If you could be transformed to be more like Jesus in just one way, what would it be? What’s stopping you?
Lasting change is hard to come by. Each year, by the end of January most people have quit on their new year’s resolutions. The simple fact is, transformation is expensive and few are willing to pay the price.
A large part of my calling is to catalyze and lead transformation first in pastors’ lives, then in a church’s culture. Regardless of the context, most change initiatives fail. In individuals that rate is 50-75%, in organizations it’s over 80%. Though failure rates are different, the process of transformation is the same. In my work with lead pastors, discipleship pastors, and church leaders in Dayton Ohio, I've found three demands of transformation are both universal and unrelenting. Meeting these demands has the power to flip the success rate from 20% to 80%.
Demand #1: Vision.
The first demand of transformation is vision. As I wrote previously, the most common barrier to vision is our old map. Before we can get to a new place, we must be willing to toss our old map. To make that change to we must recognize and acknowledge that it’s not leading us to our intended destination. This is harder than it sounds.
The difficulty of this step is proportional to three things:
1. The age of our map. A map we’ve used for three days is easier to alter or throw out than one we’ve followed for three decades.
2. How useful the map used to be. Sometimes a map was previously useful, but changes have occurred in where we need to be. Some maps, like faithful friends, are hard to let go.
3. The degree of difference between your old map and the new map. The prospect of letting go of the old is easier if the new is similar. When you've been using a street map, it's hard to imagine adjusting to a topographical map.
Often the greatest challenge in this phase of transformation is admitting we’ve followed (and sometimes copied and distributed!) a flawed map. It’s a grueling process that requires both humility and courage. Unfortunately, many are unwilling or unable to meet this demand. Even though they can clearly see threats and opportunities, their unwillingness to let go of the old prevents them from seeing the new.
Demand #2: Action.
The second demand of transformation is action. Surprisingly, developing vision doesn’t guarantee action. But obviously, without action nothing happens. So why is it that we develop new maps, but then fail to move?
New action is difficult because we hate moving from competence to incompetence. As emotional creatures, feeling confident and competent is important to us. Having a new map, doesn’t change the fact that we’re really good at traveling to the previous destination. This reality makes it tempting to continue traveling old paths because pursuing new paths means moving through the valleys of incompetence and insecurity.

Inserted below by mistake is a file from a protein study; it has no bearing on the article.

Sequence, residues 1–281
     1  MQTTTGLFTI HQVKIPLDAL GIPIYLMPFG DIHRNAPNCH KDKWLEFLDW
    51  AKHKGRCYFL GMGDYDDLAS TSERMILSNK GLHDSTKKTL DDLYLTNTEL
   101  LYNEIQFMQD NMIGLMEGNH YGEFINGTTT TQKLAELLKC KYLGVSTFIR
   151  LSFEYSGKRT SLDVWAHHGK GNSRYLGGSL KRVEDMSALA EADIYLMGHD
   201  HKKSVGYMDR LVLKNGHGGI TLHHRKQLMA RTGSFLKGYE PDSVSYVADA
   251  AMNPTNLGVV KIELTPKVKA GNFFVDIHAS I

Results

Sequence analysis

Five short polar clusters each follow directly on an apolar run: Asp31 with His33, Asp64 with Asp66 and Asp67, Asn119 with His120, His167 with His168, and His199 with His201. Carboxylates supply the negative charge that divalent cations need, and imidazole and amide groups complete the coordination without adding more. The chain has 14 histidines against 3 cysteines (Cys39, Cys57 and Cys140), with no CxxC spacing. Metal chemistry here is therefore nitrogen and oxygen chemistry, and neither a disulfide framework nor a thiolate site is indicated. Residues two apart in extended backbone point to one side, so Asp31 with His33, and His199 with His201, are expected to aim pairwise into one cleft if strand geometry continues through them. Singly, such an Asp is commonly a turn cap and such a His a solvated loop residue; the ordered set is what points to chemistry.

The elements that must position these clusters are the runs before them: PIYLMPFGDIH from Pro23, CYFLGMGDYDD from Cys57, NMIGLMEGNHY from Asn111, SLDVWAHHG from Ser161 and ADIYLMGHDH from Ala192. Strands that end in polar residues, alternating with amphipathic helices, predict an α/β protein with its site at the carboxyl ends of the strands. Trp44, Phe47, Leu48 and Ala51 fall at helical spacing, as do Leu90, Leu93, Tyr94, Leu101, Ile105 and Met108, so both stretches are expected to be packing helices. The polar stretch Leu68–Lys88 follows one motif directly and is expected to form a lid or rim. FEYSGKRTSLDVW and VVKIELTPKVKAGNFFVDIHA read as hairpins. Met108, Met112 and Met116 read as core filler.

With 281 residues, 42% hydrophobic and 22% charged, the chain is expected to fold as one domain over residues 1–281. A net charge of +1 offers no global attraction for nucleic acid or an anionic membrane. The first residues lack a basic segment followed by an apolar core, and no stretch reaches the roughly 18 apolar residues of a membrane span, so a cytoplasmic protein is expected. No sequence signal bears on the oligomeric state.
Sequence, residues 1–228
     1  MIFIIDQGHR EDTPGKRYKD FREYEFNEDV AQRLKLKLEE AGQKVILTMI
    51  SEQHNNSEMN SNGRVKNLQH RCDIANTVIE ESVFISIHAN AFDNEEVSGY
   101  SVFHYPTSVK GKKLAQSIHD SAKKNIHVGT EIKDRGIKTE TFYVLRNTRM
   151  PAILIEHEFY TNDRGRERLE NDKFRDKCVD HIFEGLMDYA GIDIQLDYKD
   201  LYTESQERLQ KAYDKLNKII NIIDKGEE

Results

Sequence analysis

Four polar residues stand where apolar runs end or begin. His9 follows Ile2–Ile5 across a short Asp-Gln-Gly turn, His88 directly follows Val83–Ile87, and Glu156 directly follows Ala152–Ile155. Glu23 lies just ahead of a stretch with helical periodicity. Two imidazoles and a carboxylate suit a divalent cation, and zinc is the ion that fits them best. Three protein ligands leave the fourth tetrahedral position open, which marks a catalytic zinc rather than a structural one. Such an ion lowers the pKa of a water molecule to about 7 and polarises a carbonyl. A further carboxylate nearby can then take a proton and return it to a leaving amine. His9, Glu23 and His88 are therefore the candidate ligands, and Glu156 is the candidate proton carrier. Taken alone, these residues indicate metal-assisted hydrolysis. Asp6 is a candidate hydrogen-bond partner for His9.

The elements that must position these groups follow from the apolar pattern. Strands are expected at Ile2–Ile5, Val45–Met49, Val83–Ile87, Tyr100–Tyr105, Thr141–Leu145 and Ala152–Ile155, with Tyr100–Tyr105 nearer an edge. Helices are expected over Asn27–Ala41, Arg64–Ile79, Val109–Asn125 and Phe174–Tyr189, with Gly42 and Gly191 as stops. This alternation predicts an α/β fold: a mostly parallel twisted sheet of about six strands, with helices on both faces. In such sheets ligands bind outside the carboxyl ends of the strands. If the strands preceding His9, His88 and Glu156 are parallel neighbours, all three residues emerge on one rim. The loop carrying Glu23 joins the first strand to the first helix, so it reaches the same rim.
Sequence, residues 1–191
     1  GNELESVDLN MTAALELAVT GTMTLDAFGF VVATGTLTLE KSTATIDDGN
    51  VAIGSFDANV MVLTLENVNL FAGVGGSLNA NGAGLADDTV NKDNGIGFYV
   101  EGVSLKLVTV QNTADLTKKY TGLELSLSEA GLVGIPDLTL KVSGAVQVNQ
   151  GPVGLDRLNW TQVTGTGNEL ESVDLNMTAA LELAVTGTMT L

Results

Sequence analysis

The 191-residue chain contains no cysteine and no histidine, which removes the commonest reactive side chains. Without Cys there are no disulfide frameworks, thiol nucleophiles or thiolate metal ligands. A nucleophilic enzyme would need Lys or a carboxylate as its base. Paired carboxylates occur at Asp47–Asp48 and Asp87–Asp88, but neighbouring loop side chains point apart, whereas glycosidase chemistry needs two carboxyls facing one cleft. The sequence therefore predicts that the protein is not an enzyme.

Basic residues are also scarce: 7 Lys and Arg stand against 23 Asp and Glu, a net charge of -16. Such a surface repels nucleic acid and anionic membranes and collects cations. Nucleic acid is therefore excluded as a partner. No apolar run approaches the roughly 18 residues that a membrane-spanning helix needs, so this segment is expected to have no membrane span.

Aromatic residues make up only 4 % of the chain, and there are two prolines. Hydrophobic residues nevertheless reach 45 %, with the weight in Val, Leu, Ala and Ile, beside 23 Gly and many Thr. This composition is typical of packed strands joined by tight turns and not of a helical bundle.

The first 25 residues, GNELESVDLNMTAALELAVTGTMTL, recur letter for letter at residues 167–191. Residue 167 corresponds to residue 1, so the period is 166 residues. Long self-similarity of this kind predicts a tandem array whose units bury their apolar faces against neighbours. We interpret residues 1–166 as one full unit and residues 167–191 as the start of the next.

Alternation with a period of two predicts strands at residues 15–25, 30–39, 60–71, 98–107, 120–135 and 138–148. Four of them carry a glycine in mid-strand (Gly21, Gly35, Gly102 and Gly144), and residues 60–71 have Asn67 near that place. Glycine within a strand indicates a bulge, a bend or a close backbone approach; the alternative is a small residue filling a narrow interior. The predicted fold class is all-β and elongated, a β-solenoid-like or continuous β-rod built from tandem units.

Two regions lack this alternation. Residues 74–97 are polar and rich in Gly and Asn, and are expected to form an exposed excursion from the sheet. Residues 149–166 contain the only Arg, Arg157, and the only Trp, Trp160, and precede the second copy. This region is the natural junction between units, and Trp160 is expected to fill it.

In other words, the need for humility and courage continues! Transformation demands a willingness to leave our areas of competence and embark into uncertainty. Though most intense at the outset, the tension of leaving those places will be experienced until we reach our new destination. The key question leaders face at this stage is, "Do I have what it takes to make it?"
Demand #3: Completion.
The third demand of transformation is completion. Many people do the hard work to establish a new vision and begin new actions, only to return to the start. So, what causes people to throw away everything they’ve invested in transformation?
Well, if you’ve ever started and stopped a work out plan or diet, you know why! Persevering to the end is difficult. At the start, our motivation is strong but as we tire, the temptation to turn back grows. Instead of focusing on our new vision, we focus on our old place of comfort and familiarity. And it doesn’t look so bad anymore! Some decide they can’t make it or that it's not worth it anymore.
NFL coach Vince Lombardi once said, “Fatigue makes cowards of us all.” To keep fatigue from flunking us out we must keep our eyes on the vision. Yearning for the destination keeps us going. Additionally, we need to be encouragement to keep going. Ideally, there are people around you to cheer you on. As attention is drawn to distance traveled to how near the new reality is, our motivation is renewed. That affirmation and celebration are like a drink of cool water in the desert!
Once transformation has occurred, there is no going back. We’ve reached our new normal. The old seems as dim and distant as our new place once did. No longer do we struggle against ourselves. Our new course and new actions are second nature to us.
Transformation isn’t for the faint of heart. It’s an intense journey that reveals our character and commitment. I consider it a privilege to walk the road with individual pastors, church leaders, and small teams of culture changers within churches. Though each journey is unique, the road to transformation leads through each of these successive phases; vision, action, and completion.
So, are you ready to change? Do you have someone to walk you through the transformation journey?